What's In Blue

Posted Sat 19 Dec 2020

Resolution on the 2020 Peacebuilding Architecture Review*

On Monday (21 December), the Security Council and the General Assembly will adopt substantively identical resolutions on the 2020 peacebuilding architecture review. The written voting procedure for Council members to submit their votes expires at 10 am Monday and the Council president (South Africa) is expected to announce the adoption during the afternoon. The General Assembly is expected to adopt the draft resolution at an in-person session on Monday at which several adoptions are planned.

The intergovernmental process of the review officially began in September, co-facilitated by Ambassador Craig John Hawke (New Zealand) for the General Assembly and Ambassador I. Rhonda King (Saint Vincent and the Grenadines) for the Security Council. The co-facilitators circulated a first copy of the draft resolution to member states on 12 October. Three ambassadorial-level meetings were chaired by the co-facilitators on 19 October, 30 October and 20 November and informal expert level consultations on the text were held on 11 November, along with bilateral and regional group consultations before the draft resolution was placed under silence procedure last Monday (14 December). One delegation (Japan) broke silence before the 16 December expiration, but subsequently withdrew its objections, resulting in a final agreement.

This was the third review of the UN peacebuilding architecture since the creation of the Peacebuilding Commission (PBC), Peacebuilding Fund (PBF) and the Peacebuilding Support Office (PBSO) in December 2005 by the Security Council and the General Assembly. The 27 April 2016 General Assembly and Security Council resolutions (A/RES/70/262; S/RES/2282) for the ten-year review of UN peacebuilding mandated the current review to assess progress in implementing these two resolutions. These resolutions set out a broader understanding of peacebuilding, through the concept of sustaining peace, as including prevention activities and occurring across the UN’s three pillars (peace and security, development and human rights), and ushered in a series of reforms to improve UN peacebuilding both at headquarters and in the field. For the 2020 review, it seems there was a widespread perception that it was unnecessary to produce the same type of comprehensive resolutions as four years ago, which remain relevant to the ongoing reforms, and also risked opening up still sensitive issues from that negotiation.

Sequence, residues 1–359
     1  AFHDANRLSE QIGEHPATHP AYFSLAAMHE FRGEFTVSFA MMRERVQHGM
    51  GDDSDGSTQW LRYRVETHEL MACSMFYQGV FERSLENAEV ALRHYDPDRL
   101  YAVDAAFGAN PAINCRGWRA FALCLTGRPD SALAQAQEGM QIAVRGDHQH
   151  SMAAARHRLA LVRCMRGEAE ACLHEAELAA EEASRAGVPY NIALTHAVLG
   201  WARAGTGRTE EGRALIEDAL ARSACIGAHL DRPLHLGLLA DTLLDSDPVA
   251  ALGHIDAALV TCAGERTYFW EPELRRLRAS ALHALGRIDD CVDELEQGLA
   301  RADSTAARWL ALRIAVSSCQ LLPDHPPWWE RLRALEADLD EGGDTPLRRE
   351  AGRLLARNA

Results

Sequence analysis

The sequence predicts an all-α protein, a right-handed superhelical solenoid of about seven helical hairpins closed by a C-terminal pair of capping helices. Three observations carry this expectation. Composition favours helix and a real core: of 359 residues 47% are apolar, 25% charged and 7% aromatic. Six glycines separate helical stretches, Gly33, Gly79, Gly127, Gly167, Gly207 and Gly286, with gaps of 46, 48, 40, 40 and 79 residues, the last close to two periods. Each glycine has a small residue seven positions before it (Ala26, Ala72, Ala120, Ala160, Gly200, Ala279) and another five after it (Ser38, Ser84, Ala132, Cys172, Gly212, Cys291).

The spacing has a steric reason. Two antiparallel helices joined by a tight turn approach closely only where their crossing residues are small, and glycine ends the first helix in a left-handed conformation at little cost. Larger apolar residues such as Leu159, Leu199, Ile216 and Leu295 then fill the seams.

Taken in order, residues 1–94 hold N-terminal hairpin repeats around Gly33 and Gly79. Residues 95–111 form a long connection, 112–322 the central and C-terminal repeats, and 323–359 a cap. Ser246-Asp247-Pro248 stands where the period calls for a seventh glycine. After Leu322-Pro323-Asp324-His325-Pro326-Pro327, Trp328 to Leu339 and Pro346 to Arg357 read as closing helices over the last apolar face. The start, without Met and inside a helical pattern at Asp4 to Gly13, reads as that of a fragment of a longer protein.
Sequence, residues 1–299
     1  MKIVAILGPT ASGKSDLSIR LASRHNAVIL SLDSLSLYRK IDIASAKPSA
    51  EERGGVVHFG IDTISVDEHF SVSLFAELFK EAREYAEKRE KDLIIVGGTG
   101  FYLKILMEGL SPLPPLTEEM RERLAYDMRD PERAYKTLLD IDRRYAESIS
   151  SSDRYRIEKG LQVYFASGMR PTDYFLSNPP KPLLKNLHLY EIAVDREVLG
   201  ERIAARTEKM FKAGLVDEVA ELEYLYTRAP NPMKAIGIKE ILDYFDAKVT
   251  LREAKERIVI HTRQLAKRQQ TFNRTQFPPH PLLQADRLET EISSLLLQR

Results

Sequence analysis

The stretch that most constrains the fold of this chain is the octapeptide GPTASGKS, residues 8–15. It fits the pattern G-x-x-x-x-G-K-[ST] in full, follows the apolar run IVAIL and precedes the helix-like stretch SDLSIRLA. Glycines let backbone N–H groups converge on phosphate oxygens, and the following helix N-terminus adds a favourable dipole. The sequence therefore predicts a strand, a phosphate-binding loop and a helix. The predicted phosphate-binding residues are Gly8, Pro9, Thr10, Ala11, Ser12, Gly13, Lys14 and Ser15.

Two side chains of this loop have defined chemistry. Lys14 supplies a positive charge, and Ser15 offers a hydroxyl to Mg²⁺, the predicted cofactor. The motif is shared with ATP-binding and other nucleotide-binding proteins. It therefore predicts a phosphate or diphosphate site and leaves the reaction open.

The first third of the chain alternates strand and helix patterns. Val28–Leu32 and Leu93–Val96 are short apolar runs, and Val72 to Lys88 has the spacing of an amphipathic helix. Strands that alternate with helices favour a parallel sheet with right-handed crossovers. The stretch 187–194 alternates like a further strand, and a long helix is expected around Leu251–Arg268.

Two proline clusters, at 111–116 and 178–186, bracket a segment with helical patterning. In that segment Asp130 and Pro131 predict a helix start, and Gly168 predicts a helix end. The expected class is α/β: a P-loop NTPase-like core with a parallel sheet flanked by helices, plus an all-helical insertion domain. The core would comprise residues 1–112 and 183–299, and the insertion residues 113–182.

The co-facilitators thus circulated an initial short “procedural” resolution. Over the course of the process, the many inputs that were submitted expanded the text to become what member states called a “procedural-plus” resolution, though the final product remains quite concise.

Assessing developments since 2016, the General Assembly and Security Council draft resolutions welcome “the progress made in the implementation of the resolutions on peacebuilding and sustaining peace by Member States, including through the relevant intergovernmental bodies of the United Nations, and by the entire United Nations system, including through the reforms of the United Nations, and in particular at the field level through the work of peacekeeping operations, special political missions and UN country teams”. Continued action is encouraged to implement the 2016 resolutions and to advance greater coherence in peacebuilding efforts.

Despite the text’s brevity, a number of issues had to be reconciled. The most difficult of these seemed to be how, if at all, to mention human rights as part of the nexus with peace and security and development. Russia and countries from the Non-Aligned Movement (NAM) were not comfortable with the human rights reference, while it seems European countries, among others, were keen to recognise and even strengthen this aspect.